Title:
Removing litter from walkways in chicken houses
Kind Code:
A1


Abstract:
Methods and apparatus are described for clearing the walkways in chicken houses of litter, and placing the litter on a manure pile so as to cover moist droppings, thereby depriving egg-laying flies of sites for their eggs. The apparatus is powered and highly maneuverable, enabling the farmer to clear the walkways frequently and regularly. Using the methods and apparatus of this invention the fly population in chicken houses is significantly decreased compared to a facility relying on prior art manual shoveling of litter from the walkways.



Inventors:
Beiler, Leon (Mt. Joy, PA, US)
Application Number:
09/814473
Publication Date:
09/19/2002
Filing Date:
03/19/2001
Assignee:
BEILER LEON
Primary Class:
International Classes:
A01K31/04; (IPC1-7): A01K31/04
View Patent Images:
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Primary Examiner:
VALENZA, JOSEPH E
Attorney, Agent or Firm:
FREDERICK J. OLSSON (P.O. Box 192, WAYNE, PA, 19087, US)
Claims:

What I claim is:



1. Apparatus for clearing litter from walkways in chicken houses and placing said litter on a manure pile commprising; means for loosening said litter from said walkways; pick-up means for loading said loosened litter onto a conveyance; elevating means for raising said picked-up litter to a height above the height of said pile; and spreading means for distributing said raised litter along the top of said pile; powering means for propelling said conveyance along said walkways; powering means for said loosening means, pick-up means, elevating means and spreading means; control means for operator use in driving said conveyance and raising and lowering the scraper height above the floor;

2. Apparatus as in claim 1 in which said pick-up means comprises a sweeper to sweep said loosened litter onto said conveyance.

3. Apparatus as in claim 2 in which said sweeper comprises an auger.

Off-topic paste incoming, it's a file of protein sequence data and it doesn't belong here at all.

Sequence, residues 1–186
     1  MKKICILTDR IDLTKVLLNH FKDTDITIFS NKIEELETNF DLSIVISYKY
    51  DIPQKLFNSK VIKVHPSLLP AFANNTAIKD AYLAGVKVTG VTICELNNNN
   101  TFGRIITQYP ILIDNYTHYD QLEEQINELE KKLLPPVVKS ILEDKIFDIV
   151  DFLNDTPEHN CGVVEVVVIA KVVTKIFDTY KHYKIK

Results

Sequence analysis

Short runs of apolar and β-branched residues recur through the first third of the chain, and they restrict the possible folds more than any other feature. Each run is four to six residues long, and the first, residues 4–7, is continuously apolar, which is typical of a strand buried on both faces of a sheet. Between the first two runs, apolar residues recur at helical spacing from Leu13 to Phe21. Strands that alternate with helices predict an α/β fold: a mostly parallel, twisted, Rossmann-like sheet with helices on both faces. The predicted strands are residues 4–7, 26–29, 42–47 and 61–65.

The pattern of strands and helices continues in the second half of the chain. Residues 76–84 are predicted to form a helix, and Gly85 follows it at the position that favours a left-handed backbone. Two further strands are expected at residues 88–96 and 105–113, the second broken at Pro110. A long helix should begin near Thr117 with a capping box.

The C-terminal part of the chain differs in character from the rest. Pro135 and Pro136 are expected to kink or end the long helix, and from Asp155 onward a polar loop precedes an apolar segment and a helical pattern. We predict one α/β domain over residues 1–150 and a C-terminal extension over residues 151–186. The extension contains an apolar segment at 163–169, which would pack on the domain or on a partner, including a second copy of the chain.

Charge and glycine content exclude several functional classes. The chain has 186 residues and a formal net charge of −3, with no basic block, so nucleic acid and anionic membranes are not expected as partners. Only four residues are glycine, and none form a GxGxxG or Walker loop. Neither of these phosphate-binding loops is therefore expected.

4. Apparatus as in claim 3 in which said auger has flights having both right-hand and left-hand sections.

5. Apparatus as in claim 1 in which said elevating means comprises a conveyor.

6. Apparatus as in claim 1 in which said elevating means comprises an auger.

7. Apparatus as in claim 1 in which said powering means comprises an internal-combustion engine.

8. Apparatus as in claim 1 in which said powering means drives a hydraulic pump.

9. Apparatus as in claim 8 in which said hydraulic pump supplies pressurized hydraulic fluid to said control means.

10. Apparatus as in claim 1 in which said powering means comprises an electric motor.

11. The method of clearing litter from walkways in chicken houses and depositing the litter so cleared on the top of a manure pile, including the steps of: picking-up said litter from said walkways, and depositing said litter into a collector; moving and elevating the litter in said collector to a location over the manure pile; and spreading said elevated litter along the top of said manure pile, wherein the apparatus for clearing the walkways and stacking the picked-up litter is powered.

12. The method of claim 11 in which the step of picking up said litter includes the steps of: scraping the litter from the floor of said walkway; sweeping the litter from the floor into a collector.